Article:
Folks who live in West Marin are an independent bunch. No one seems to take a lot of crap from anyone else, so it is certainly interesting to watch disagreements unfold. Recently, two controversies have been top of mind for the residents of West Marin:
Population management of fallow and axis deer.
The Park Service wants to reestablish the natural ecosystem of Point Reyes by managing the non-native deer.
In its 2001 Management Policies, the National Park Service instructs parks such as Point Reyes National Seashore to re-establish natural functions and processes in human-disturbed components of natural systems. The Management Policies include non-native species as an example of a human-caused disturbance that can have severe impacts on natural biota and ecosystems.
Others feel that the plan is inhumane.
…the Marin Humane Society, In Defense of Animals, and WildCare respectfully request non-violent management of the deer instead of inhumane slaughter
As of this writing, the Park Service’s plan is being implemented.
The new management of the local newspaper, The Point Reyes Light.
Since the newspaper changed hands in 2005, some are put off by the direction of the new management. Others looked forward to a more stable local paper (the Light was facing some serious financial difficulties before its recent sale) and many are pleased by the handsome new look. But the turmoil between the new publisher, the old publisher and the local residents has been top of news.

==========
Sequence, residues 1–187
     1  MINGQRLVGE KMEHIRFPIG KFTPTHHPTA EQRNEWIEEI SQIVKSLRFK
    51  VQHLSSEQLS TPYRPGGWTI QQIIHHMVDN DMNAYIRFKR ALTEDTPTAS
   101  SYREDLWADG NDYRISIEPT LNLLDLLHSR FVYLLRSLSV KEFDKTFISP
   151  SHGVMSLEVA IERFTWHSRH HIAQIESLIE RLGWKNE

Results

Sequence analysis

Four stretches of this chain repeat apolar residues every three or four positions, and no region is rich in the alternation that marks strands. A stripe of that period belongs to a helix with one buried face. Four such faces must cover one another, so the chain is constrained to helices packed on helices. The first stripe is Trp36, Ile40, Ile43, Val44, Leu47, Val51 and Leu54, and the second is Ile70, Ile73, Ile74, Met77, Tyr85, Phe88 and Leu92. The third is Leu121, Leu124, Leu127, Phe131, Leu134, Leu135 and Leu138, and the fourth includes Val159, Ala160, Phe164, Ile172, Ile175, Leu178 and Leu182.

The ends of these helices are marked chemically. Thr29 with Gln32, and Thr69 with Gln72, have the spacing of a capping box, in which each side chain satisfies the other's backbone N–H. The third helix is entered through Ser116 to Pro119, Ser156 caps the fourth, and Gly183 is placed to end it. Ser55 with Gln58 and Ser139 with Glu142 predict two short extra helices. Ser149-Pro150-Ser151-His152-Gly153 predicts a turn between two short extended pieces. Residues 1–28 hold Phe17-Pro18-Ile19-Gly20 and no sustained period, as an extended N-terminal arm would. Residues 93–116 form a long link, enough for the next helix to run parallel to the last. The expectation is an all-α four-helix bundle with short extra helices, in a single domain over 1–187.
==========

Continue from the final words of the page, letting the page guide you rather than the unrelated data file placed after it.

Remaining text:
The feud got national attention when The New York Times wrote last year:
The nasty public feud between the past and present owners of The Light. Mr. Mitchell, a gangly, corncob-pipe-smoking 62-year-old who looks like an aging folk singer and won a Pulitzer Prize, and Mr. Plotkin, a 36-year-old onetime prosecutor with a GQ fashion sense who describes himself as “a man of action, like James Bond” has captivated the 14 far-flung villages here on the western tilt of Marin County.
Aging folk singer vs James Bond! Pretty great contrast.
The San Francisco Chronicle weighed in today:
The 37-year-old publisher has been attacked from all sides since he vowed to turn the Light into the New Yorker magazine of the West. His hyperbole struck a sour note in the rural area of 15,000 residents, who live in such places as laid-back Bolinas, historic Point Reyes Station and Woodacre, home of an internationally recognized meditation center inspired by a big boulder known as Spirit Rock. The locals say they don’t like the idea of Manhattanites with pens hustling around their communities.
A new local newspaper (West Marin Pilot) is in the works, despite the Point Reyes Light’s publisher’s assertion (which I agree with) that “there are not enough advertisers to support two newspapers in most markets – particularly in the coastal wilderness of West Marin.”
So for all you visitors coming through Point Reyes Station on your way to the wonderful beaches and trials, know that the local community is alive and kicking.